• Over the Tarmac: the Spring

    If you had to a state a point where the government bid a final farewell to any green credentials, it arguably came with the budgetary autumn review way back in 2011. The 45 road schemes laid out back then have been augmented since by another 150 so that now we seem to be facing a road building programme on a par with the ‘Roads to Prosperity’ schemes of the early nineteen nineties. Those schemes characterised in so many ways the last Conservative government just as the protests against them were symptomatic of wider dissent.

    Of the roads planned today, 42 are pretty much direct revivals of those proposed in the ‘nineties and form part of a picture comprised of 76 bypasses, 48 link roads, 12 ring roads with another 60 more minor projects. The whole programme is being estimated at costing around £30 billion. If the figures for the roads built in the previous decade and a half are anything to go by, we can expect a fairly substantial overrun of these early financial projections.

    Taken together the roads would affect National Parks, the Norfolk Broads, Areas of Outstanding National Beauty and several World Heritage Sites. They also of course represent a dramatic sea change in transport policy from on high with aspirations to curb car use and promote public transport looking more than a little forlorn. And with road transport emissions accounting for well in advance of twenty percent of UK carbon emissions, the policy effectively scuppers one of the more malleable means by which we can effectively rein these in.

    It’s more than a little ironic that vast amounts of cash are being pumped into new infrastructure at a time of austerity so caustic that the upkeep of existing roads is being jeopardized. As a means of funding new roads, the government are looking at schemes such as public-private partnership deals whereby future taxpayers are often lumped with the ‘hidden tolls’ for roads under construction today. But there is still a huge immediate pricetag being picked up by central and local government.

    But resistance to all this is growing, most notably with the groups affiliated with the Campaign For Better Transport’s ‘Roads to Nowhere’ campaign. And particularly vigorous protests have been taking place at Combe Haven Valley in opposition to the Bexhill to Hastings Link Road. Earmarked by the DfT themselves as “one of the worst value for money schemes in Britain,” the road’s route has been the scene of incredible acts of front and tenacity as trees have been occupied, camps set up, the less than proverbial bulldozers stopped in their tracks and work effectively delayed for many weeks.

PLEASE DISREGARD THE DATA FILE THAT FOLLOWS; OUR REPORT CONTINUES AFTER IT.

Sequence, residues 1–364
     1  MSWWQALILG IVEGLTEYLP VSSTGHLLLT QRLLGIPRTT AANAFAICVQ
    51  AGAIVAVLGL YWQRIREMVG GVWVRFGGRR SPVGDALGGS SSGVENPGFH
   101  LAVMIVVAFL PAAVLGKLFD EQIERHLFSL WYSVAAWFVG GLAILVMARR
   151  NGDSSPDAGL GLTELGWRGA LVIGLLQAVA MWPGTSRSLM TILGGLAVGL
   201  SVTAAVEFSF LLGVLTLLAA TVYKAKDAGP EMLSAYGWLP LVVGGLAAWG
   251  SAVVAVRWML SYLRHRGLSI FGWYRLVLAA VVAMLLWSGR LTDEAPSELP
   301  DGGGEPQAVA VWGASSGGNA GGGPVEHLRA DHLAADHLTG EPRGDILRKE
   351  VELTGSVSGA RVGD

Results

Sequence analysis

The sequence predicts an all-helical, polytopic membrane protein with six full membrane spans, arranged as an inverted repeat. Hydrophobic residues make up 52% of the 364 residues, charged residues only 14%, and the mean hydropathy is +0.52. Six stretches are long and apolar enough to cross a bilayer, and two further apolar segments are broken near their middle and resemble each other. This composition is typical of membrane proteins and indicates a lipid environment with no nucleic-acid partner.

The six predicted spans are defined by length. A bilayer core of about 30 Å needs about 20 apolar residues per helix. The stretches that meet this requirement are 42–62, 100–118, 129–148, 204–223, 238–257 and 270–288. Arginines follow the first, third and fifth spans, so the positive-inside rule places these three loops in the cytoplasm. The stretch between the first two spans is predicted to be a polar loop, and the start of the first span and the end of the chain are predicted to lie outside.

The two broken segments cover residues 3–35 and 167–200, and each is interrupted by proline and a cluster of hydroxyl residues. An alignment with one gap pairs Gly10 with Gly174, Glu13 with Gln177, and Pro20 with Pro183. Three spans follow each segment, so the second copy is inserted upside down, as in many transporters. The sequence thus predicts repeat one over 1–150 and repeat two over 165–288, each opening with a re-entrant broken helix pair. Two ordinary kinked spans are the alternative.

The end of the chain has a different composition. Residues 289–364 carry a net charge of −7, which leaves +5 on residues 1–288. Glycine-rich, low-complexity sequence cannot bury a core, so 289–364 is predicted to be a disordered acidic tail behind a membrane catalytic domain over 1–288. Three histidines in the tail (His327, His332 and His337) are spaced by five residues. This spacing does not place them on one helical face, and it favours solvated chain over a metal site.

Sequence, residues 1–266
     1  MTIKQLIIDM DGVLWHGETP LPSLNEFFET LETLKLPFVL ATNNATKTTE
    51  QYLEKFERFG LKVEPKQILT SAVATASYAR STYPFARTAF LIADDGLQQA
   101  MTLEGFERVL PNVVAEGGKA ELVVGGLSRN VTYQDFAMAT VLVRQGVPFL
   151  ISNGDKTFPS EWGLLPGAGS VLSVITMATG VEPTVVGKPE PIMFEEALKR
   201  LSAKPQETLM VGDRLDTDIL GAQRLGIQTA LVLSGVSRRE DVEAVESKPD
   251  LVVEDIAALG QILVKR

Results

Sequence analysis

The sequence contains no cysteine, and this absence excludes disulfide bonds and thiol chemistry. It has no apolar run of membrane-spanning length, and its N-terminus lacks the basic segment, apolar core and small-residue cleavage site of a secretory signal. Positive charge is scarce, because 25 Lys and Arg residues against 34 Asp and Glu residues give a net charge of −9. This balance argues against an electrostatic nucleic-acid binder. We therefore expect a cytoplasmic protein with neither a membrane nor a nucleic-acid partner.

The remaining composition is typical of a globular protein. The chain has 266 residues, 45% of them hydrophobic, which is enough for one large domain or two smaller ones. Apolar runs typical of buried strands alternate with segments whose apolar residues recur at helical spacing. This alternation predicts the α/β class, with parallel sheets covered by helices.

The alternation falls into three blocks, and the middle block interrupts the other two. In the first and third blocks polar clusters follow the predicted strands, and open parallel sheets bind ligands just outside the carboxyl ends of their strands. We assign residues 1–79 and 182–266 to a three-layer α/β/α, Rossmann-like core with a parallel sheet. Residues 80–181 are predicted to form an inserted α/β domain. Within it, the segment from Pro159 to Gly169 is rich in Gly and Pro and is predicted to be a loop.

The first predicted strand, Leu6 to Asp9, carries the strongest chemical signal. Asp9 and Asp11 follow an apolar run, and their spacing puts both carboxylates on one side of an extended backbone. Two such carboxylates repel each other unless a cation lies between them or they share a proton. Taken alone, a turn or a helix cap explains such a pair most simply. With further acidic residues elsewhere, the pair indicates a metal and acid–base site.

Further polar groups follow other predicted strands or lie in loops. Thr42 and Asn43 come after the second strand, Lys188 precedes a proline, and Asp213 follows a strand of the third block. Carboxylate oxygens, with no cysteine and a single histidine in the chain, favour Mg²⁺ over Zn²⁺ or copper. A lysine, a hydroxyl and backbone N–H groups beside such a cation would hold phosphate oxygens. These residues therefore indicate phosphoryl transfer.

At the time of writing, the DfT have not yet confirmed they will fund their allotted share of the scheme – some £56 million out of a total already spiraling above the £100 million mark. East Sussex County Council are forecast to spend a projected £70 million on the road at a time when it is making wider cuts of the same amount that stand to leave adult social care and children’s services particularly badly hit.

    Somehow though, to see the camps spring up, to witness the energy of those making a stand and the sense of release in the process, there seems more in the air than simply a fight against old-school and deviant infrastructure. To go to Combe Haven and see the people in the oaks, to see and hear the pristine valley in the last few days before it’s due to be severed in two, the struggle seems iconic of so many other situations in the wider world. At a time of unprecedented ecological loss, the fact that here in the UK we are loosing our ancient woodland at a rate even faster than that impacting the Amazon, any attacks on existing woodland should be more widely recognised for the carnage they really are. And at a time when the government seems deposed to outdo all previous levels of contempt they seem to hold large segments of the population in, there’s something that feels particularly fitting in people staking a common claim in the ground that’s due for destruction and stating enough is enough.

    The gruelling conditions on site at Hasting over the previous few months are testament that none of this is necessarily easy. But the rewards for those engaged are clearly evident to see, even in the grip of bitter winter; the knowledge that when people act together there’s a very firm hope for turning round situations that might otherwise prove intractable. But just as the protests of the nineties took years to reach their final culmination, Hastings is just the first major manifestation of the kind of outcry that needs to be taken up more widely if the hydra like heads of these hundreds of schemes stand any chance of being properly defeated.

    This article originally appeared in the spring issue of the Transition Free Press.

    0 Comments

branchlines

The posts here originally grew from a website that was set up to advertise a book that describes things a long time ago. That book was always intended to address more than any single issue, even if it encompassed that as well.

At its broadest, I hoped it could help express how things can be when anyone of us acts on behalf of the environment, of their community, of our collective future itself. It was informed by far more than simply the times it describes; it was an attempt to articulate a feeling that has carried on and grown and means more than just a narrow 'us and them'.

I'm mainly working on other writing at the moment but thought there was probably something to be said for keeping these posts online while the issues they deal with remain relevant. I hope you find something on these pages that proves of interest or use as we all rise to meet the new times.

You are viewing the text version of this site.

To view the full version please install the Adobe Flash Player and ensure your web browser has JavaScript enabled.

Need help? check the requirements page.


Get Flash Player